A: My most difficult challenge throughout my career has been maintaining momentum and a public aura of hope when the odds are not lined up for the greater good.  This is a challenge whether it’s directed at research (like when only 8% of research grant proposals are getting funded), or at clinical situations (like when every drug aimed at stopping seizures fails to work in a child with epilepsy), or at teaching (like when there is no money available to fund the salary of the medical school professor who wins every teaching award every year).

Q: What is your favorite part of working in Pediatrics?

A: That’s an easy question: the kids!

Q: Which part of your career do you find most fulfilling? Teaching, research, or your clinical work?

A: I actually love all three, and it is very hard sometimes for me to separate one from the other.  I am usually doing some measure of each of those all the time.  I would have to say that my first love, and the one that drew me to medicine, is research.  I love the intellectual challenges, the “puzzle-solving” aspects, and, especially, the chance to make a contribution that affects children and families for generations and generations to come.  But I would not enjoy research at all if it were a solitary enterprise.  One of the things I like most about research is the mentoring of the next generation of physician-scientists that comes with it.  Again, just as with the patients research stands to help, research-associated teaching is about legacy.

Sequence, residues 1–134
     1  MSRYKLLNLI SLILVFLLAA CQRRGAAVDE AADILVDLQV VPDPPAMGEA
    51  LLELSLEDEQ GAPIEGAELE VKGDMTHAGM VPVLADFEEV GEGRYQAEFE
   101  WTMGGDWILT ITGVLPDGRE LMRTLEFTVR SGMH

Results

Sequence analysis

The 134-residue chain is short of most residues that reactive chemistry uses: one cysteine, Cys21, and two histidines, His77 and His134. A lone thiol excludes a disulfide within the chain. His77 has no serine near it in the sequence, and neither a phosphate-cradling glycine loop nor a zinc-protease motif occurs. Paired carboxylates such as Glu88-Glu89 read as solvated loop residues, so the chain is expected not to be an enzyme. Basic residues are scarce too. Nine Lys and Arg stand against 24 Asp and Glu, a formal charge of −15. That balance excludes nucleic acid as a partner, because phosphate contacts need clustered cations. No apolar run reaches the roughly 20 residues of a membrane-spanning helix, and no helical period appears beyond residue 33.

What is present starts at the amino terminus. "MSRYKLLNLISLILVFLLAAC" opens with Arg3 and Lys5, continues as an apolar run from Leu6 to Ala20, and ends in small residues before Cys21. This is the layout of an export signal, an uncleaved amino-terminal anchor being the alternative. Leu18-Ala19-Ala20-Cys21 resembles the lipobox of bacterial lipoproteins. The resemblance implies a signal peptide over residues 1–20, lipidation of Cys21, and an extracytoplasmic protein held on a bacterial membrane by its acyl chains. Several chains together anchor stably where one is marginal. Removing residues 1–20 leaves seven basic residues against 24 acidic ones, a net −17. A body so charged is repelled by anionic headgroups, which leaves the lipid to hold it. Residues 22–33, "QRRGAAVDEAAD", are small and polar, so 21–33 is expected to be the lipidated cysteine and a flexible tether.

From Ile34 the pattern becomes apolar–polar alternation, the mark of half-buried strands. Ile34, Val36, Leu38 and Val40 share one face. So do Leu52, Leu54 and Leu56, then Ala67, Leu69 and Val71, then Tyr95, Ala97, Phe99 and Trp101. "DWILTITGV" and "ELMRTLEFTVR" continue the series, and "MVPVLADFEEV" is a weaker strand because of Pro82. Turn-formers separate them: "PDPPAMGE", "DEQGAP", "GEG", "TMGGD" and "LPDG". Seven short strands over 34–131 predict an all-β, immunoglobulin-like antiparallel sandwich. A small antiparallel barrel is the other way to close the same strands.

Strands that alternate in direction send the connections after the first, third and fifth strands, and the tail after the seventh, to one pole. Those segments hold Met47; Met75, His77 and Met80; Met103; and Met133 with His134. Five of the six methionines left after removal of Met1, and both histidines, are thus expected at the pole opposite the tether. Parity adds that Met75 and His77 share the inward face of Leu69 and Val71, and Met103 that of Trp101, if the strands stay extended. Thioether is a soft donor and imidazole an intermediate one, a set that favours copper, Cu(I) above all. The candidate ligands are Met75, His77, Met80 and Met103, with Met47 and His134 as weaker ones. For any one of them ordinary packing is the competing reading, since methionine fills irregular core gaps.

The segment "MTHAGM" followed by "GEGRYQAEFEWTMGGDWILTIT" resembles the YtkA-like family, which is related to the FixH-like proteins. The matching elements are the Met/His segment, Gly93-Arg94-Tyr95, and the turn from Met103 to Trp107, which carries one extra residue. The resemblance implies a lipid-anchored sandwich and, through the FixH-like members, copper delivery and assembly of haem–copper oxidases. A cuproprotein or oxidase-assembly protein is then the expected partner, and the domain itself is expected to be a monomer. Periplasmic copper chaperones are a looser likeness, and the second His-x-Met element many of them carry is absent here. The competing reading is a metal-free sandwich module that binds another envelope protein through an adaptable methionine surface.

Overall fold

Q: What do you think is the most important thing for patients and their parents to know about their pediatrician?